Some Dodgers may have peed in the Chase Field pool during their celebration

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Well, this certainly puts a new spin on the Dodgers-Dbacks rivalry, Swimming Pool-Gate and all of that. Anthony Jackson reports that maybe it was more than just fun and games going on at Chase Field on Thursday night:

. . . it has come to my attention that one of the Dodgers players who jumped in the pool — and I will do him the favor of leaving his name out of this for now — openly and loudly bragged after leaving the pool about having urinated in it … There also are indications that MULTIPLE Dodgers players urinated into the pool, but I can’t tell you that with any certainty. It’s just what I’ve heard.

This information has changed Jackson’s view of the little celebration from one in which it was fun and harmless to one in which it was sick and classless.

I can see that. I mean, I’m not all that interested in diving deep into the matter of whether or not someone peed in the pool, who it was, whether they are remorseful about it and all of the kind of handwringing that comes up about any weird, off-the-field matter of morals, ethics and taste, but I can see that.

For what it’s worth, I can muster some sharp thoughts about these matters for DUIs and PEDs and all manner of other things — I probably have a greater tolerance for it than most people — but I can’t go there for peeing in pools. I just can’t. At least not until we have a teary confession and an official statement from someone. Or maybe just some silly statements. If this spins silly, sure, I’ll be all over it, but I cant put on my serious/judgmental face for pee in a pool.

In other words: we’re gonna let this story mellow for a bit.

Casey Kelly signs with the LG Twins in Korea

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We wrote a lot about Casey Kelly on this site circa 2010-12.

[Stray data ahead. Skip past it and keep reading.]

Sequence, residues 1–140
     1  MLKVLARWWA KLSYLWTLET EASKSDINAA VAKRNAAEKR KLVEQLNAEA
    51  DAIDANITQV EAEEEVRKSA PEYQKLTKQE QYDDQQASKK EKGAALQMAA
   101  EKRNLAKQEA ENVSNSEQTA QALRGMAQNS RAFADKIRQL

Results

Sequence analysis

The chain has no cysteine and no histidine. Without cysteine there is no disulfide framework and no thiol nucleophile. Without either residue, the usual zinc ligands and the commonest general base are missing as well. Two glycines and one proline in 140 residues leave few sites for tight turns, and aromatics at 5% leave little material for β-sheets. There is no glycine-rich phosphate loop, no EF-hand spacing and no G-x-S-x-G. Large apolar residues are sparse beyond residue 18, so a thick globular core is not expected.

It was understandable. Kelly was a big-time draftee for the Red Sox and famously split time as a shortstop and a pitcher in the minors, with some people even wondering if he could do it full time. The Sox put the kibosh on that pretty quickly, as he became the top overall prospect in the Boston organization as a pitcher. He then made news when he was sent to San Diego — along with Anthony Rizzo — in the famous Adrian Gonzalez trade in December 2010.

He made his big league debut for the Padres in late August of 2012, holding a pretty darn good Atlanta Braves team scoreless for six innings, striking out four.  He would pitch in five more games in the season’s final month to not very good results but missed all of 2013 and most of 2014 thanks to Tommy John surgery.

He wouldn’t make it back to the bigs until 2015 — pitching only three games after being converted to a reliever — before the Padres cut him loose, trading him to the Braves for Christian Bethancourt who, like a younger Kelly, the Padres thought could be a two-way player, catching and relieving. That didn’t work for him either, but I digress.

Kelly made a career-high ten appearances for a bad Braves team in 2016, was let go following the season and was out of the majors again in 2017 after the Cubs released him a couple of months after he failed to make the team out of spring training. He resurfaced with the Giants this past season for seven appearances. The Giants cut him loose last month.

Now Kelly’s journey takes him across the ocean. He announced on Instagram last night that he’s signed with the LG Twins in the Korean Baseball Organization. He seems pretty happy and eager about it in his little video there. I don’t blame him, as he’ll make $1 million for them, as opposed to staying here and almost certainly winding up in a Triple-A rotation making $60K or whatever it is veteran minor leaguers make.

This was probably way too many words to devote to a journeyman heading to play in Korea, but we so often forget top prospects once they fail to meet expectations. We also tend to forget all of the Tommy John casualties, focusing instead on the Tommy John successes. As such, I wanted to think a bit about Casey Kelly. I hope things work out well for him in the KBO and a baseball player who once seemed so promising can, after a delay, find success of his own.